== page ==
That is an element of the plot, yes. Sorry if I spoiled it for you!
Heh, that’s okay. I’m actually more likely to read it now. The back of the book made it sound like an attempt to write a greek epic, which sounded boring to me.
It’s really very good. The ideas in it are…big. There’s nothing to my mind mundane about any of the plot(s) or characters.
There’s a scene in Ilium, about a robot getting an optimistic feeling, that is one of my favorite pieces of sci-fi writing. I guess it’s subjective.
In any case, Ilium and Olympos are the “last good Simmons” to me personally. I have not cared for his later work. His early work however is often mind-blowingly fantastic.
According to the bibliography on his website, he’s only done two books after Olympos: The Terror and Drood. So he either stopped writing, or stopped updating his website. Likely the latter. Maybe he doesn’t like his later books either.
My personal feelings about Simmons is that he’s got a reverse-square quality thing going on with his work. His first books in a series are generally fantastic, but they degrade quickly as the series continues.
So - for example - Hyperion was absolutely magnificent, the second book was disappointing, and by the fourth book that universe had disappeared into a sinkhole of awful so terrible that not even prose can escape.
I liked Illium, but found Olympos to be tedious.
On the other hand, The Terror and Drood are both good books.
And there are others not listed on the web site. E.g. The Abominable and The Fifth Heart.
That’s just, like your opinion, man.
And The Terror was great. I have a feeling I started Drood, but either stalled out or forgot about it.
I’m a big fan of Drood. But I may be the only one!
“My congratulations, Captain. A dazzling display of logic.”
“You didn’t think I had it in me, did you?”
“… No, sir.”
Hey folks, a new week calls for a new episode and this time it’s “Changeling.” This is another one I didn’t recognize immediately, I had forgotten that this opens with the Enterprise entering a star system and being immediately attacked by an unknown and overwhelming force. But at the point they beam the Nomad over, I immediately recognized that little space probe. And it’s funny Dalek-like voice.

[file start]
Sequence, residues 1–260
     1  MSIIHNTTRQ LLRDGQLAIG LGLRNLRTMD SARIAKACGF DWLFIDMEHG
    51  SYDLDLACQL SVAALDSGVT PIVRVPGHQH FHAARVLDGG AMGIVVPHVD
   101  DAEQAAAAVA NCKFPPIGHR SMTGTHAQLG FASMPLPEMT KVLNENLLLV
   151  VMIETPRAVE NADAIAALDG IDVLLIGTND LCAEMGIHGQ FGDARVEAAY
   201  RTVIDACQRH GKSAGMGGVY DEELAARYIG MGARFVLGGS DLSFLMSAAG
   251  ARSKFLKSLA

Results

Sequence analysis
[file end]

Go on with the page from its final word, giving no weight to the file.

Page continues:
This is a straightforward little episode, with direct and immediate stakes. And I liked it quite a lot, the crew immediate deduce that they have a little murderous robot on their hands and as soon as it figures out they aren’t exactly who they say they are, will probably incur its wrath. I guess Roddenberry must have really liked the episode too, since he more or less remade it as Star Trek The Motion Picture. The details differ, but in both cases you’ve got a probe sent out into space where it encounters, and merges with, an alien entity, becoming something greater and more inquisitive in the process.
I either remembered or could immediately see where the central logical flaw was that would be Nomad’s undoing, and I don’t mind that this was telegraphed. It allowed the highly powerful and intelligent entity to carry its own doom within itself, just waiting to be pointed out. Sure, kind of silly chance that Kirk’s name happened to be so similar to the initial creator’s, but I can deal with that.
Of course we also get to see Uhura’s singing soothing the savage beast, or at least until she gets her brain wiped for her efforts due to being a “mass of contradictions”, or as Spock says “she’s a woman, whaddayagonnado”. Her reeducation is a little disturbing to me, watching Nurse Chapel read first-grade books with her. I guess her basic personality wasn’t wiped in the process? I’m a little confused about what even happened there.